From 5 through 18 September, my wife and I were in Norwich, Amsterdam, Antwerp, and Rotterdam. In Norwich, we attended the opening of an exhibition on the 400th anniversary of the founding of the Norwich Library by Sir John Pettus, Kt., when he was mayor. The exhibit featured Sir John’s mayoral portrait, which usually hangs in Blackfriar’s Hall near Elm Hill. Below his portrait were a set of leather-bound books he had donated to the library. Behind and above his portrait was an enlarged photograph of the first page of the original Donations Book in which his name and the names of the books he donated were recorded.
While in Norwich, we did some research on the Pettus family at the Norfolk Record Office and at the Norwich Millenium Library. At the NRO, I photographed two large(3 x 2 ft.), multipage documents on vellum. One was a marriage agreement. The other was a separation agreement. I had tried to get copies of these documents a few years ago, but both documents were too large to copy by machine and send to the U.S. I spread each document out flat on a table and stood on a ladder to get a good vantage point for photographing them in sections.
We also visited Elm Hill, which has the 16th-C. Pettus House and old St. Simon and St. Jude Church, which has been undergoing renovations. The Pettus monuments have been preserved to bring out life-like colors and are now displayed under soft lighting. The protective cabinets around them have been removed, so I was able to photograph the complete monuments.
My wife and I stayed at Caistor Hall Hotel, which was built by the Dashwood family in the 18th C. One of the Dashwoods married both daughters (in succession) of Sir Horatio Pettus, the last Pettus baronet who died in 1772. The house had been renovated in recent years but has many original features, including the dining room and the library, which are quite elegant. The beautifully-landscaped grounds are extensive.
Caistor Old Hall, a 17th-C. Pettus family home, is across the road, and Caistor St. Edmund Church, which has a memorial to Thomas, son of Sir John Pettus, Kt., is nearby. I made arrangements in advance to make sure the church would be open for our visit.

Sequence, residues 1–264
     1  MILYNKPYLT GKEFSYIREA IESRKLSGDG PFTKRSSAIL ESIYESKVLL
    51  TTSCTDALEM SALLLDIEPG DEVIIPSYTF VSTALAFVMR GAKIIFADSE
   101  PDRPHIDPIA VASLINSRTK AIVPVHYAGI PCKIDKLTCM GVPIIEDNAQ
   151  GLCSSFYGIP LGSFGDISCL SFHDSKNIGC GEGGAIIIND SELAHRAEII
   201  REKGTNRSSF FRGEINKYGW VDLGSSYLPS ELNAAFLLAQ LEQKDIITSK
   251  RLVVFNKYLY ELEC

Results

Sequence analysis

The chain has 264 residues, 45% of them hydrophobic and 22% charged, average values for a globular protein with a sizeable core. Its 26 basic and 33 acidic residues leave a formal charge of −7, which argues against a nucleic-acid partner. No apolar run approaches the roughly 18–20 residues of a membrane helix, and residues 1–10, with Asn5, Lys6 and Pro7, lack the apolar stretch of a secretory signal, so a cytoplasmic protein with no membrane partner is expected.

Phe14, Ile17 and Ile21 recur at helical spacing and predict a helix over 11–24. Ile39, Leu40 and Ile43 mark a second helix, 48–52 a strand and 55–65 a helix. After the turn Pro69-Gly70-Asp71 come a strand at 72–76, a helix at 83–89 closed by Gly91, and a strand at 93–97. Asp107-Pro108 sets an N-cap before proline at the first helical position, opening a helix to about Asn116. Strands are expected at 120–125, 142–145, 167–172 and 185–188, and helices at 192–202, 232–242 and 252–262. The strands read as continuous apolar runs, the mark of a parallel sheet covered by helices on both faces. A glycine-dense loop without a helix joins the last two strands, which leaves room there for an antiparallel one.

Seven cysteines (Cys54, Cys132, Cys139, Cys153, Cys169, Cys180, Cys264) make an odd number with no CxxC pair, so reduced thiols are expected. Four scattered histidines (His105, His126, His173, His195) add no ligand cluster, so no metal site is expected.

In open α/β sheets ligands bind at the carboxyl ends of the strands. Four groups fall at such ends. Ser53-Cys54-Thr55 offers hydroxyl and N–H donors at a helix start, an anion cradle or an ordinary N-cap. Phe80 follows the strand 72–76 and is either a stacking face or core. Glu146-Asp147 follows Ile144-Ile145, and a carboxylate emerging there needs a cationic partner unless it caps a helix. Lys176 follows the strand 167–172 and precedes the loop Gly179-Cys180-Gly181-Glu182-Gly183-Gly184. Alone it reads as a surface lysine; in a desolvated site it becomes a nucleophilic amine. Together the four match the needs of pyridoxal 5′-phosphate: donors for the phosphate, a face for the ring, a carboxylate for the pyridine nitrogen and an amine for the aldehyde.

My wife and I visited the Rotterdam City Archives to look for some record of Thomas Pettus II, son of Col. Thomas Pettus of Norwich and Virginia. Thomas II had gone to Rotterdam to collect the money from the estate of his wife’s grandmother, who died in 1670. Thomas succeeded in getting the money but died before he could leave Holland. Although a Dutch genealogist had previously advised me that finding any record of Thomas would be “quite, utterly impossible,” we found the records in short order. Now I have to find someone to translate them from Dutch to English. These are notarized documents that bear Thomas’s actual signature.
I should point out to those who have been told or read that Thomas married Mourning Glenn, my research has proven the name Glenn to be a complete fabrication dating back at least a century. Mourning was the daughter of William Burgh of Chuckatuck, Upper Norfolk County, Virginia, and Elizabeth Billingsley, a widow. Mourning's supposed last name is only one of numerous fabrications I have found over the past 38 years. My forthcoming book will have the complete explanation.
Since returning home, I have been busy making the appropriate revisions to my book to reflect the new information I found during my trip. I have also been working to eliminate the remaining flags indicating problems of various kinds in the text or endnotes. Finally, I have been working on the index, which is a tedious process.